Israel’s president has unenthusiastically nominated Prime Minister Benjamin Netanyahu to try to form a government, two weeks after the latest inconclusive election, but voiced doubt that any politician could forge a parliamentary majority.
Israel’s fourth vote in under two years failed to produce a clear path for any candidate to form a coalition capable of commanding a majority in the 120-member parliament, prolonging an unprecedented phase of political gridlock.
On Monday, President Reuvin Rivlin held the traditional round of consultations that follow each Israeli election, seeking recommendations from party representatives on who they want to lead the government.
Mr Netanyahu secured 52 recommendations, counting 30 from his right-wing Likud party, plus support from Israel’s two ultra-Orthodox Jewish parties and the far-right Religious Zionism alliance.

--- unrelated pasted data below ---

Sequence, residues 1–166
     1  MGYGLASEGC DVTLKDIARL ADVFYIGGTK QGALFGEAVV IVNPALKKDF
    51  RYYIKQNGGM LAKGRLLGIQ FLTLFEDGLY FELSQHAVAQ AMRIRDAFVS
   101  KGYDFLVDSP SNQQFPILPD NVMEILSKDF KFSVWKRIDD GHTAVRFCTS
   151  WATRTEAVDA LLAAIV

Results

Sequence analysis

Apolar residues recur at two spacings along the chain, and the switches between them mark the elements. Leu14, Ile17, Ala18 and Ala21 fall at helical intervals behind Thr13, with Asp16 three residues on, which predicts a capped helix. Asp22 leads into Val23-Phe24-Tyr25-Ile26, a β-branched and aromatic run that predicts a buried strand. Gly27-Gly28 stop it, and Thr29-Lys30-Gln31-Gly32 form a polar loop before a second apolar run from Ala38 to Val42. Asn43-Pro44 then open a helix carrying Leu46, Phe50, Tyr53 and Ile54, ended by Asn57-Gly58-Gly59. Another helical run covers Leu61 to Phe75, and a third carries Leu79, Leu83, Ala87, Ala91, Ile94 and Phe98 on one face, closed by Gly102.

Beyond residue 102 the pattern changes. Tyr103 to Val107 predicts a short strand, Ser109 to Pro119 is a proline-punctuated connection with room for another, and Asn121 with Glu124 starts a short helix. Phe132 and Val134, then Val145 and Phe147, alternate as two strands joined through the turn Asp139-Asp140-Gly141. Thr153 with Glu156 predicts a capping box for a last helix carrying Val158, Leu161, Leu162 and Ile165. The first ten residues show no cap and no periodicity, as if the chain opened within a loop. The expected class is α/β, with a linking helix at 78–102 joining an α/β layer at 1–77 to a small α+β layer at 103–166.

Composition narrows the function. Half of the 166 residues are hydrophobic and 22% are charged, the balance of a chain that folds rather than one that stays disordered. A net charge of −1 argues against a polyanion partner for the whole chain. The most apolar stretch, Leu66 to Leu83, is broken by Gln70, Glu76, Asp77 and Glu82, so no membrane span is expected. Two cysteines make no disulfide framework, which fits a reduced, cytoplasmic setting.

Centrist opposition leader Yair Lapid earned 45 endorsements. There were 16 abstentions and religious nationalist leader Naftali Bennett claimed the seven votes controlled by his Yamina party.
Mr Rivlin said late on Tuesday the tally indicates that “Benjamin Netanyahu has a slightly higher chance of forming a government”, as he announced the nomination.
But, echoing the sentiments of many Israeli analysts, he warned a 61-seat absolute majority may not be possible in the deeply divided Knesset.
Mr Rivlin said his consultations “lead me to believe that no candidate has a realistic chance of forming a government that will have the confidence of the Knesset”.